Quintiles' first investors day since returning to the public sector in May 2013 was wholly positive, according to industry analysts. Jefferies' David Windley described the firm as “competing from an advantageous position,” thanks to the firm’s 32 years of experience, large revenue base, broad geographic reach, and number of therapeutic experts, while William Blair’s John Kreger said the firm was “clearly the leader in pharmaceutical outsourcing and is using this scale advantage to aggressively invest in technology and data analytics.”
However, despite the upbeat guidance, Kreger noted that surprisingly “the meeting was not particularly well attended, providing another indication that investor interest in clinical CROs has waned somewhat of late.”
All quiet on the investment front?
Over the past four years, private equity investors have acquired 14 US-based CROs – including inVentiv, INC, Theorem, and PPD - but in the fifteen months since Quintiles’ IPO, M&A activity by investment firms has been relatively quiet.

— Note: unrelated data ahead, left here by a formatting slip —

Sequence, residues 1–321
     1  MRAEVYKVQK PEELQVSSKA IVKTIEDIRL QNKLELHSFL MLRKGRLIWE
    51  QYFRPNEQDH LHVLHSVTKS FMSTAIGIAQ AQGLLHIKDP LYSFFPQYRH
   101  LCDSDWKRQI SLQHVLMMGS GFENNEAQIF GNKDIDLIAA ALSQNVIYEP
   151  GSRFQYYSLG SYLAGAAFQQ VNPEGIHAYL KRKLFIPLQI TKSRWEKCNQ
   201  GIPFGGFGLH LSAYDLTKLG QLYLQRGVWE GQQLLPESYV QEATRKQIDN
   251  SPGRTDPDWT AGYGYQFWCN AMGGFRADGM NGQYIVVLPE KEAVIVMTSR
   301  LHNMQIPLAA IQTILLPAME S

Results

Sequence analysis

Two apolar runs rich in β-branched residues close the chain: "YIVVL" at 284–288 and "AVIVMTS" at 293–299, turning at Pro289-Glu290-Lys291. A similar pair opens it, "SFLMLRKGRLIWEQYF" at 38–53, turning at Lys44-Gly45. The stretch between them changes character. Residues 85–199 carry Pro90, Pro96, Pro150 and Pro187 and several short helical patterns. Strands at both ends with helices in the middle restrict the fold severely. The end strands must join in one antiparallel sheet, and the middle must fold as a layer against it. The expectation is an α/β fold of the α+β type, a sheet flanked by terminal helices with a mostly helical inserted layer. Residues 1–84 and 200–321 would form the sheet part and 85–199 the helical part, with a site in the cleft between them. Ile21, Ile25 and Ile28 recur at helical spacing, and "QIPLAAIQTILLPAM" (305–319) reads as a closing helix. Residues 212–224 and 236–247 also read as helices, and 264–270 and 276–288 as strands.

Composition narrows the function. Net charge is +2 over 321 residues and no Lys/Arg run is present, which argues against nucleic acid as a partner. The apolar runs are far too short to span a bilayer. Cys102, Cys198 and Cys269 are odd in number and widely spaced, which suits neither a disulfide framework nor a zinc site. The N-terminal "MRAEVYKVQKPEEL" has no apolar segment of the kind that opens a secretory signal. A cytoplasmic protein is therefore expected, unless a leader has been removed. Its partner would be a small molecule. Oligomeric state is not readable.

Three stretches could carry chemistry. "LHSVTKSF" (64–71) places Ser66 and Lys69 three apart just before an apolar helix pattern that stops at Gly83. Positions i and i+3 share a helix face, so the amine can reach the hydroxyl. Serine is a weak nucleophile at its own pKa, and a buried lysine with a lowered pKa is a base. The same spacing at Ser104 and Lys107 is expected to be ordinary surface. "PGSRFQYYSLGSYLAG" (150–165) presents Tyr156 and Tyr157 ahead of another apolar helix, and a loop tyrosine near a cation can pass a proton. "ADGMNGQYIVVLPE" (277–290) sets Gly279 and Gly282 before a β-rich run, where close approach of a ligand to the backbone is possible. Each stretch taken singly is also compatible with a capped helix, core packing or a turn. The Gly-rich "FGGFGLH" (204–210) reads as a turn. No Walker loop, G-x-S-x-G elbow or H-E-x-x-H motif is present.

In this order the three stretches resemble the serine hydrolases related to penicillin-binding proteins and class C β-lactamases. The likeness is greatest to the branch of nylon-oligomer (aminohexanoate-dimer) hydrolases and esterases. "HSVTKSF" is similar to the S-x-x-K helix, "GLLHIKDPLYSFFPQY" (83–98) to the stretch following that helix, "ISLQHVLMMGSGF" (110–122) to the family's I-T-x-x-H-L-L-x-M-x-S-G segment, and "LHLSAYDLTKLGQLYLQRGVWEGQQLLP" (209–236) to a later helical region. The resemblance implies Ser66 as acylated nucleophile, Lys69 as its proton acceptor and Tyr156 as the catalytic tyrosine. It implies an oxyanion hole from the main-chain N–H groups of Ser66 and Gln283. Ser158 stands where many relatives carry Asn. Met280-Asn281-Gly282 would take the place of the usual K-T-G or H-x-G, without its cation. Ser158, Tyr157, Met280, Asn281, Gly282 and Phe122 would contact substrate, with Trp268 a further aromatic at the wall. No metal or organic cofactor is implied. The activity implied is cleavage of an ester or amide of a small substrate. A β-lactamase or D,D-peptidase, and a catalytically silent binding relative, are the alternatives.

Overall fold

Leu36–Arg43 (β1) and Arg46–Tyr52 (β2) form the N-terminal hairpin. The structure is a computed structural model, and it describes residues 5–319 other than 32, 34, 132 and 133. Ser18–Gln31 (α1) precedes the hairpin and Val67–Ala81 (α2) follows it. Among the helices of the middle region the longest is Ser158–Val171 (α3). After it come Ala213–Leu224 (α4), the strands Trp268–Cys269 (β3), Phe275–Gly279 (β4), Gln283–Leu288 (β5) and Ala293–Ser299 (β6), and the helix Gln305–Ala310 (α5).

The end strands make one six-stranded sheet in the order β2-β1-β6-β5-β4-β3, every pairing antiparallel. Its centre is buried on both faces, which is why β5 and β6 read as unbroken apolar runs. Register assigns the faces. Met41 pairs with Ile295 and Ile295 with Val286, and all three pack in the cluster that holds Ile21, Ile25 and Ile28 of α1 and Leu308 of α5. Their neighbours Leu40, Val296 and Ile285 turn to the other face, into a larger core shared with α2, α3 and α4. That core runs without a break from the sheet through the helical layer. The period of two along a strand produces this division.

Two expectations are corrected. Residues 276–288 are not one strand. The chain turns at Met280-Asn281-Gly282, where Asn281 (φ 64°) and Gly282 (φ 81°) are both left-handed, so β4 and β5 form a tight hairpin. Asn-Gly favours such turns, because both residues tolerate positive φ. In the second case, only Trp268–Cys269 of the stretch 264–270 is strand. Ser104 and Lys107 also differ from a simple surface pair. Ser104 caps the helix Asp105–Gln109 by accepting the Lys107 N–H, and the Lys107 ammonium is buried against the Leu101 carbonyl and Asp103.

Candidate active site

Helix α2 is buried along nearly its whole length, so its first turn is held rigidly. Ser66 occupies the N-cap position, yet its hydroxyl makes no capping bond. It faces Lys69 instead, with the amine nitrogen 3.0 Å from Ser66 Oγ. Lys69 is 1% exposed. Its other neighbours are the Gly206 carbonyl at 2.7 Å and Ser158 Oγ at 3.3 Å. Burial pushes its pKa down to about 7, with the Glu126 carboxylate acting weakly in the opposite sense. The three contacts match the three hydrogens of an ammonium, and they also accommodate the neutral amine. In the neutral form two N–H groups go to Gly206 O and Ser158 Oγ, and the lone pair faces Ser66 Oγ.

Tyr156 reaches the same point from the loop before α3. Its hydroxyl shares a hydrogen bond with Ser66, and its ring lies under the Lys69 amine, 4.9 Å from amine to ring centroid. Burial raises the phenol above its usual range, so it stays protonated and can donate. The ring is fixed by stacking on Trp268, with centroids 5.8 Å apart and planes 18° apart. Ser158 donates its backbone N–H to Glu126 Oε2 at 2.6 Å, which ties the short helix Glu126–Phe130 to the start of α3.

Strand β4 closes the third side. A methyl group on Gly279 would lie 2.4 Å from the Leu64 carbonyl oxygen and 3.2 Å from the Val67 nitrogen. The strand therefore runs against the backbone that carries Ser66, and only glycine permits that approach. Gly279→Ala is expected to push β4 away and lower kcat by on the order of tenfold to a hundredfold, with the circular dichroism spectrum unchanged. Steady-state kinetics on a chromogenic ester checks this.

Medpace was bought by a European private equity group from a US-based firm, while PRA International, after announcing an IPO, was bought and merged with private equity owned RPS. Furthermore, Kestor Capaital, a private equity investor, sold its stake in Chiltern to a group of existing investors last December.
According to a recent report by M&A advisory group 11T Partners on Outsourced Pharma Services, the top eight players in the clinical research industry - controlling 62% of the market – are split equally in number between private and public owners, but the change in ownership at Quintiles last year tipped the market share in favour of publically owned CROs.
The top eight CROs, in order of most market share are: Quintiles, Covance, PRA (private), Parexel, PPD (private), Icon, INC (private) and inVentiv Healthcare (private).
Furthermore, Parexel’s CFO Ingo Bank suggested last week at the Baird 2014 Healthcare Conference more CROs are likely to go public in the near future, and PRA, PPD and INC could be potential candidates.
In light of all this, we are asking you for your opinions. Is private equity still interested in the CRO industry, or are the investors who struck so many deals in the past few years now looking to cash in and get out? Which CRO may be the next to go public? Have we reached the end of the investment cycle for CROs or could private equity now be eyeing up preclinical or even non-US based CROs? Please answer the poll and leave comments below:
Is interest in the CRO industry from private equity groups on the decline?
Has been for a while15%
Too early to tell30%